Things don’t always go to plan. In the past week Japanese Prime Minister Shinzo Abe seems haunted by Murphy’s Law — if it can go wrong it will.
What was supposed to be a grand opportunity to strut on the international stage with world leaders gathered for the G7 Ise-Shima Summit and then make a pilgrimage with President Barack Obama to Hiroshima seems to be straying from the script.
On Friday, U.S. President Barack Obama will be the first incumbent president to visit the site of the first atomic bombing, and his arrival on Abe’s watch was supposed to burnish the Japanese leader’s credentials as a statesman.
The plan was to boost Abe’s stature in the run up to elections for the Upper House of the Diet — and possibly a double snap election for the lower house as he gears up to revise Japan’s pacifist constitution.
But then it emerged that a civilian U.S. military base worker in Okinawa had admitted to dumping the body a 20-year old local woman, igniting a firestorm of outrage and protests across the prefecture that hosts 74% of U.S. military facilities in Japan.
Okinawans have long resented shouldering what they consider to be a disproportionate burden of hosting the American military, an issue that has resonated powerfully among Okinawans since the 1995 rape of a 12-year old schoolgirl by U.S. servicemen. A cascade of petty crimes and periodic crimes of sexual violence against islanders, exasperate locals and stoke anti-base sentiments.
This surge in anti-U.S. base protests at the time of Obama’s visit is very awkward for Abe personally and for alliance managers, looming over the G7 Summit and distracting attention from Obama’s historic visit.
Abe voiced anger at the alleged murder — for which Obama expressed his “sincerest condolences and deepest regrets” — but for some his outrage has rings hollow.
Abe is closely associated with strengthening the U.S.-Japanese alliance. Last year he signed new U.S.-Japan Defense Guidelines that expand what Japan is prepared to do militarily in support of the U.S., and has been a key actor in ongoing efforts to build a new airbase for the U.S. in Okinawa that locals overwhelmingly oppose.
The G7 has also not gone well as finance ministers did not line up behind Abe’s proposal for collective fiscal stimulus and the U.S. warned Japan off its plans to lower the value of the yen.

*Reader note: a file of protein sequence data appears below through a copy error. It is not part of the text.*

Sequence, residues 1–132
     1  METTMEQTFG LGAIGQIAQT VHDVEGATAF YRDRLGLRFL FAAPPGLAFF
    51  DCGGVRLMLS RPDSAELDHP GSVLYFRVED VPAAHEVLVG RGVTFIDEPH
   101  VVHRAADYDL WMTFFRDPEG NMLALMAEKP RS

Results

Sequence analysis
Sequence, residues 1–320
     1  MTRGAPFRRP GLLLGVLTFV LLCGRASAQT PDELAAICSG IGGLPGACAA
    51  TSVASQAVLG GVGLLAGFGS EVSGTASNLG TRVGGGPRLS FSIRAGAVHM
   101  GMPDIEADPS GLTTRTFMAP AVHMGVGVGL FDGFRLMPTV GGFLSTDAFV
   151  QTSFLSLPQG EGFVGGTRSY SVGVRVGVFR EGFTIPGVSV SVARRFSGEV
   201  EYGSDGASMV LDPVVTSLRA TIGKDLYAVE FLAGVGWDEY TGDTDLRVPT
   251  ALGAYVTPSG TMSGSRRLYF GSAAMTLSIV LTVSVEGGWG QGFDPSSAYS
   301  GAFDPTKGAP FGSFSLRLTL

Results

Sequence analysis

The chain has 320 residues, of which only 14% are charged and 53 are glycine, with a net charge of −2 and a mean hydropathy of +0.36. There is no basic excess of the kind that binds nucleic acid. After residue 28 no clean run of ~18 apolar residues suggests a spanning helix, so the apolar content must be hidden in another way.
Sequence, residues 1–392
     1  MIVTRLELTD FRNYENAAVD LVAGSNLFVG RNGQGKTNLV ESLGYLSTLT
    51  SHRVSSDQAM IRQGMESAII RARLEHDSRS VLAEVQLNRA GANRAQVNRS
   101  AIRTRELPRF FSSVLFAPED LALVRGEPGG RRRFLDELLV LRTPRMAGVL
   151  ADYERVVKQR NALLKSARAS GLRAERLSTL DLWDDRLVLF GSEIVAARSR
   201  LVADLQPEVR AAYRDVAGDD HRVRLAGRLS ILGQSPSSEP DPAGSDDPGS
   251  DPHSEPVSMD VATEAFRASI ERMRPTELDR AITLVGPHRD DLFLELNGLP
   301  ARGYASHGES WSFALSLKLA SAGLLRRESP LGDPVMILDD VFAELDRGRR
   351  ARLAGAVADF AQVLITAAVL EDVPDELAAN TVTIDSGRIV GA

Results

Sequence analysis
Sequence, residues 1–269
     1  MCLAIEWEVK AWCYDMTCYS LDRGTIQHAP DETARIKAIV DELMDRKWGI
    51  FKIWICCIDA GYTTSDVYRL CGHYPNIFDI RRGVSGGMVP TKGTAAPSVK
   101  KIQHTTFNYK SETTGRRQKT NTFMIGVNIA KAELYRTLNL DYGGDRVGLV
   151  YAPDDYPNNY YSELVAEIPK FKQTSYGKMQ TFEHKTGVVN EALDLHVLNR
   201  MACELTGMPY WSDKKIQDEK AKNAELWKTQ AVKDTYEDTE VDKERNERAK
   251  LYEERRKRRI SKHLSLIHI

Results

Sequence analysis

G7 leaders are also disappointed with Japan’s cipher-like role in the refugee crisis. Last year at the U.N. General Assembly, Abe fobbed off questions about what Japan would do to help out by saying it was more important to address domestic economic problems such as promoting women and elderly in the workforce than assist refugees.
Tokyo has been ready to disburse money to other countries hosting refugees — $810 million in 2015 and $350 million in 2016 and is a leading donor to the UNHCR— reinforcing its reputation for checkbook diplomacy, while letting other nations do the heavy lifting.
There has been some suspicion that Abe would reap political benefits from Obama’s Hiroshima visit, but that is uncertain. Clearly the vast majority of Japanese welcome Obama’s symbolic gesture at Hiroshima, even though he has made clear that he will not offer an apology. He has indicated, however, that he will take moral responsibility for the killing of innocent civilians.
Obama won the Nobel Peace Prize in 2009 for his Prague speech laying out his vision for a nuclear free world. He seeks to give momentum to his retirement agenda on non-proliferation and disarmament by reminding everyone what is at stake, as is vividly and excruciatingly on display in Hiroshima. Where better to find inspiration for his quest?
Obama’s reconciliation diplomacy — stretching from Tehran to Havana where he restored relations and to Hanoi where he sparked Obama-mania in a nation once devastated by American military aggression — offers a stark contrast to Abe’s feeble attempts at fence mending over Japan’s wartime aggression.
For Obama, Hiroshima represents the unfinished business of WWII on the long road from foe to friend, apparently a bridge too far for Abe who is known for his revisionist views on Japan’s shared history with Asia and efforts to rehabilitate this shabby era by promoting an exculpatory and valorizing view in textbooks and speeches that riles the neighbors.
Clearly, Obama has often prodded Abe beyond his comfort zone on history issues. Abe was surprised at Washington’s swift and sharp rebuke for his 2013 visit to the controversial Yasukuni Shrine.
Obama has also forced Abe to publicly declare his support for the 1993 Kono Statement acknowledging state responsibility for coercive recruitment of comfort women, and prodded Seoul and Tokyo to overcome the comfort women issue at the end of 2015.
So Obama has been a thorn in Abe’s side on history and this makes it difficult for Abe’s spin-doctors.
Wednesday night on the national evening news, the G7 summit shared the spotlight with Okinawan anti-base protests and Abe’s tense faceoff with Obama over the alleged murder. This was not the plan.
Jeff Kingston is Director of Asian Studies, Temple University Japan and author of Nationalism in Asia Since 1945. The opinions expressed here are solely those of the author.